Once in control of all four forts, Foote’s force proceeded to destroy them. All remaining operable Chinese guns were spiked and then rolled into the river. The walls were blown up by demolition teams. On 5 December, an accidental spark prematurely ignited powder being placed under the wall of the last fort, killing three men of the demolition team and wounding seven others. On 6 December, Portsmouth and Levant moved back downstream to join San Jacinto at Whampoa (this time, Portsmouth ran aground and had to be refloated).
When the battle was over, the four strongest forts in China were ruined, with as many as 250–500 Chinese killed. U.S. casualties included seven killed in action and three killed in the demolition accident, along with 32 wounded. Somewhat amazingly, no Marines were killed, although one subsequently died from illness.
The destruction of the Pearl River forts brought about a mixed outcome. Chinese authorities in Canton quickly issued an apology for the unprovoked attack on 16 November. In the words of a Marine Corps history, “Foote had avenged an insult to the American flag and made certain that the Chinese at Canton would behave in the future.” Nevertheless, after the American consul and remaining Americans withdrew from Canton, the Chinese burned down the foreign compounds. In the aftermath of the event, Foote came under considerable criticism for being overly belligerent, and there were those who believed the entire action was unnecessary and could have been avoided. Other critics blasted Commodore Armstrong for not being aggressive enough. Regardless, the United States and China subsequently signed a neutrality agreement, which both sides honored except for one U.S. infraction during the combined Anglo-French assault on the Chinese forts at Taku on the Hai River in June 1859.
The Chinese actually learned much from their defeat at the Pearl River forts that they incorporated into their defense of the Taku forts. Under a much more able commander, the Chinese gave the Anglo-French force a decisive defeat. The British lost three gunboats sunk, three run aground, 81 killed, and 345 wounded. The French suffered 12 killed and 23 wounded. Both British and French admirals were wounded. The commander of the U.S. East Indies Squadron, Commodore Josiah Tattnall (who had relieved Armstrong) was observing the battle from the chartered steamer Toey-Wan (ex-HMS Eaglet), when he decided to assist the British by towing some of their boats, One American was killed and another wounded.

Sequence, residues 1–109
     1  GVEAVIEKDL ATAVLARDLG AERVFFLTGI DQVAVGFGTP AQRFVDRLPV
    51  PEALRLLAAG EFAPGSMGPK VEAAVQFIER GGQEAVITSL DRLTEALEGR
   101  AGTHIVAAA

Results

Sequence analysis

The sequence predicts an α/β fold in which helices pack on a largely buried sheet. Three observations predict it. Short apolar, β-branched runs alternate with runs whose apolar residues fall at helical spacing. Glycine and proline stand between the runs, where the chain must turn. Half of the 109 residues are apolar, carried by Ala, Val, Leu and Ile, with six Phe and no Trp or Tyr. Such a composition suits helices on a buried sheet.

Following the Battle of the Pearl River Forts, Commodore Armstrong returned to the U.S. in poor health. He was in command of the Pensacola Navy Yard when Florida voted to secede from the Union in January 1861 and surrendered the facility a few days later (four months before South Carolina fired on Fort Sumter, starting the Civil War). Captain Henry Bell, commander of San Jacinto, fought for the Union in the Civil War and returned to the Far East as commander of the East Indies Squadron. He was killed in a boat accident at Osaka, Japan, in 1868, becoming the first rear admiral to die in the line of duty (I think). Two ships were named after Bell: Wickes-class destroyer DD-95 (1917–22) and Fletcher-class destroyer DD-587 (1943–46, 12 Battle Stars).
Commander Foote, commander of Portsmouth, went on to a very distinguished war record during the Civil War in command of the Mississippi Gunboat Flotilla during the battles of Fort Henry, Fort Donaldson, and Island No. 10. Foote was promoted to rear admiral in 1862, but died shortly after of natural causes. Three ships were named after Foote: Foote-class torpedo boat TB-3 (1896–1920), Wickes-class destroyer DD-169 (1918, lend-lease to Britain in 1940, lend-lease to Soviet Union in 1944, scrapped 1952), and Fletcher-class destroyer DD-511 (1942–46, four Battle Stars). Fort Foote on the Potomac was also named for him in 1863.
San Jacinto served in the Africa Squadron in 1859–61, where she captured the slave ship Storm King near the mouth of the Congo River, and returned 616 Black slaves to Africa. During the early Civil War, under the command of Captain Charles Wilkes, San Jacinto became famous for her involvement in the “Trent Affair,” a flagrant violation of British neutrality by Wilkes (see H-Gram 062). After otherwise creditable service during the war, San Jacinto ran aground on a reef in the Bahamas in 1865; the crew was saved, but the ship could not be.
Portsmouth departed the Far East in 1858, served during the Civil War, and then served as a training ship between 1878 and 1915. Levant was assigned to the Pacific Squadron in 1859. She disappeared with all 155 hands after departing Hilo, Hawaii, on 18 September 1860 (see H-Gram 060/H-060-2).
Sources include: The Battle of the Barrier Forts, by Bernard C. Nalty, Marine Corps Historical Reference Series No. 6, Historical Branch G-3 , December 1958; Far China Station: The U.S. Navy in Asian Waters, 1800–1898, by Robert Erwin Johnson, Naval Institute Press, 2013; and the NHHC Dictionary of American Fighting Ships (DANFS).